Welcome back to this final week of the Maintenance series. Hopefully the last few weeks have inspired you to get more active in preventative maintenance in and through your systems. All of this may seem excessive to some but I can promise that doing these things has kept the gear that I am charged with care functioning pretty well over the years. It hasn’t been an exhaustive list as those get pretty specific to you, your room, and especially your gear but I hope you’ve picked up the need to clean the dust off of fans, check the RF status of your room to keep wireless systems tuned, and just general care of what you are using.
This last week is all about the little things you should be doing every week to not only be ready for the next event but prevent small issues from happening. None of this is required but as with the rest, at least doing some of it will save you time (and hence money) if you can get through them on a weekly basis. The first is just hitting the reset button. I’m guilty of this more than anyone. That last event was likely a doozy of an event that may have gone late into the night and we’ve all been there when we’ve pulled out all the stops to get something working. What that also means is that there is a trail of gear all over the place that was ripped out and replaced without time to actually test it, fix it, and put it away. This is what you need to be doing. You were able to do that likely because someone, or you, has put all that stuff away. When you went looking for that mic, it was sitting on the shelf where it belongs. When you went looking for that gender changer, it was plugged into the patchbay, where it’s stored. Get your studio, venue, booth, whatever it is, back to square one so you are ready for the next big thing.
Along with that, hit the reset button on your console as well. If it’s digital, recall your template. If it’s an analog desk, take the time and zero it out. There is a reason that people pay interns to do just that in big companies. Having a zeroed out console makes getting the next mix, much much much easier. I’m sure you probably had a few good ideas for your template or layout as well. Get those programmed into your template and your booth setup so that your next event will have benefited from your idea. Too many times I’ve had a great idea, even made a note about it, and forgotten to implement it, and we get stuck in the old way. Take the time to get that stuff taken care of so you don’t get stuck in a loop without innovation. I’ve found if you deal with this every week, the list of things to change stays quite small and manageable, so check this off the list as often as you can.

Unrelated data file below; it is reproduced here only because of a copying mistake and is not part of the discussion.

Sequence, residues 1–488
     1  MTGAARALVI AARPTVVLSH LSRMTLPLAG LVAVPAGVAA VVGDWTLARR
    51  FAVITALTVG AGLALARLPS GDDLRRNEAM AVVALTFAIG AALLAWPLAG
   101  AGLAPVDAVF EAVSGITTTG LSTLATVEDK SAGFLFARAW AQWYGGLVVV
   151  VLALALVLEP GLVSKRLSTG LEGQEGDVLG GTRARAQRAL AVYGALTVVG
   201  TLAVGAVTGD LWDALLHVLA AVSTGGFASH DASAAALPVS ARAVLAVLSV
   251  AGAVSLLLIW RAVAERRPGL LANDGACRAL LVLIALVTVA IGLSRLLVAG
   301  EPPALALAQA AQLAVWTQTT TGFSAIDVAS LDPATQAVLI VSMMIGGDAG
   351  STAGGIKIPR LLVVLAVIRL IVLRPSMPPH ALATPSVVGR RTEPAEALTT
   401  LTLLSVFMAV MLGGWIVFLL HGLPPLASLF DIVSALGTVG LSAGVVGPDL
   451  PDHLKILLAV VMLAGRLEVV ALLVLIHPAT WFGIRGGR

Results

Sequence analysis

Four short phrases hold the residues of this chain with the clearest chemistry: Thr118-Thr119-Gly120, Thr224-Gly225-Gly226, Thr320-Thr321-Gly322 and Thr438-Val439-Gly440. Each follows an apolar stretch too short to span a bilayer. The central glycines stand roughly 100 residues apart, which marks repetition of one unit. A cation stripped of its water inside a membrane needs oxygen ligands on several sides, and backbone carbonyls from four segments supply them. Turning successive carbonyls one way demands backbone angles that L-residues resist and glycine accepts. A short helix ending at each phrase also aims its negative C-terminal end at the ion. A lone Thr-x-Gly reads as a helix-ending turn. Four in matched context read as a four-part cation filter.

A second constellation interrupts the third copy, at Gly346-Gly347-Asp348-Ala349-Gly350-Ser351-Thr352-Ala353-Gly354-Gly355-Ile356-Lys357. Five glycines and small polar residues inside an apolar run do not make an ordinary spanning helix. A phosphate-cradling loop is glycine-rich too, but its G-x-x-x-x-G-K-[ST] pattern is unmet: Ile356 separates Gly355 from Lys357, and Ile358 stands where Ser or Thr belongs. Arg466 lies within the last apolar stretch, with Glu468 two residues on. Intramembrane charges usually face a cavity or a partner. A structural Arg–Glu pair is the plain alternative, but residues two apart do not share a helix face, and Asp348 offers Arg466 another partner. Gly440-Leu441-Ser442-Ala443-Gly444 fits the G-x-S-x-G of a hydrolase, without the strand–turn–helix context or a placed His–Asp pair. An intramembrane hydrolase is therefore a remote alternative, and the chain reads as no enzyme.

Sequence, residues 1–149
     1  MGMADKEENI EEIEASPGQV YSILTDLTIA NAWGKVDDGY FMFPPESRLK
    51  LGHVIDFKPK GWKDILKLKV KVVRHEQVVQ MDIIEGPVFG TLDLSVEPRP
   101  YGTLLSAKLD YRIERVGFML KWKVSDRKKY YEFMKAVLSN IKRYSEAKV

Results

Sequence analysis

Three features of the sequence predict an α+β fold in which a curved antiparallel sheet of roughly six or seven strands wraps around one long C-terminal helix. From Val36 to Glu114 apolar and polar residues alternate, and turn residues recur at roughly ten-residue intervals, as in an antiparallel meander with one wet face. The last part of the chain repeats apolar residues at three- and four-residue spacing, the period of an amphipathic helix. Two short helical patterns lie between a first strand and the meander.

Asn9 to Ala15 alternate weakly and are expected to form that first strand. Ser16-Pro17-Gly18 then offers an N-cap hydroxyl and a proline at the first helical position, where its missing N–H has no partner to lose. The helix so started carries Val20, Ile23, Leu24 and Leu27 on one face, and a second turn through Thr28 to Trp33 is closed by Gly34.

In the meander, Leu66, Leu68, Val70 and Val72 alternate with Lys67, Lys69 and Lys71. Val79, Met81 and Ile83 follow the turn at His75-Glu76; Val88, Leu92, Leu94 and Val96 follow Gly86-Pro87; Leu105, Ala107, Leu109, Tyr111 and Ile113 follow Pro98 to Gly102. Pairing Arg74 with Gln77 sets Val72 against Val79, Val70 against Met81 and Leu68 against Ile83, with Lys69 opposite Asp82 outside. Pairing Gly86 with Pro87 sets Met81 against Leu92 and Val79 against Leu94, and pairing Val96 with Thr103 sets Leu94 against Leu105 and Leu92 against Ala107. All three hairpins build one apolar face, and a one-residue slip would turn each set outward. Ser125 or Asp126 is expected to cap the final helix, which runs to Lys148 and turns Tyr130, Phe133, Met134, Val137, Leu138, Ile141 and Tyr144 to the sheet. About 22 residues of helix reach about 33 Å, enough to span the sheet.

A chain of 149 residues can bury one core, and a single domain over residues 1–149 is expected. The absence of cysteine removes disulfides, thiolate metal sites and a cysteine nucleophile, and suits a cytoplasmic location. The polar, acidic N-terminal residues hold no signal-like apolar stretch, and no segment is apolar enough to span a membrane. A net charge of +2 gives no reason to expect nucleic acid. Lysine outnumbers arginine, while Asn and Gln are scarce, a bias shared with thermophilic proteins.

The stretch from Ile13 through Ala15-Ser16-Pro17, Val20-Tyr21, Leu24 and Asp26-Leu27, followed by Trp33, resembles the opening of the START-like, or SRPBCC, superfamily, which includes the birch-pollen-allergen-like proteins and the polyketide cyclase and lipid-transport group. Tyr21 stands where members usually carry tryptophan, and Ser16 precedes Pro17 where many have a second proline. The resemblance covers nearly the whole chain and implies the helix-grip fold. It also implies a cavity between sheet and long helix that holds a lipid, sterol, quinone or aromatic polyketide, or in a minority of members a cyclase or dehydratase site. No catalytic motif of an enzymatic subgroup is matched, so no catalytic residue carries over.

While you’re resetting your gear, reset your space as well. Clean it up. Seriously, we all know what trash cans are right? There is nothing more frustrating than getting to a venue with trash all over the place and dirty countertops etc. As a professional, take the 5 minutes it takes to clean stuff up every now and again (preferably more often than not). Along with that, clean your cables and equipment of any dust buildup or sticky substances. I don’t like picking up sticky cables and no one else does either.
The last thing I like to do each week is just to sit down and think about the next event. Yep, take some time before the band arrives, before the help shows up, and plan it all out. Getting ahead of the game is the best way to win every time. Sometimes it isn’t that beneficial but taking the time to make sure you have all the patching figured out, wiring laid out and ready to go, hard drives cleared for recording, etc will sometimes give you a great idea as the event ruminates in your mind. On more than one occasion I got to a gig early, got stuff laid out before anyone was even there and had a great idea that drastically improved the flow of the setup, rehearsal, and event. Sometimes it’s just a change in setup to make life easier, other times its a last minute change at the system level that just helps everything. I’ve also found that the longer I think through an event the more effective I am at making quick decisions that prove to be the right ones.
To sum up, just hit the reset button. Reset your console and gear back to what you would call “square one” as if it was just installed. Reset your space by cleaning up the trash and putting cables and accessories back where they belong so they can be easily found when needed next. Lastly reset your mind by thinking through what the whole thing looks like and try to see if there are any areas that you can improve before anyone even shows up. Did I leave anything out? Let me know in the comments below, the comments on facebook, or by dropping me an email at email@example.com. I can promise that this next series, starting next week, will be extremely useful for you. I’ll be discussing some tips and tricks for setting up and using the waves ecosystem either live or in the studio. Sign up at this link to get an email when it’s up! See you all next week!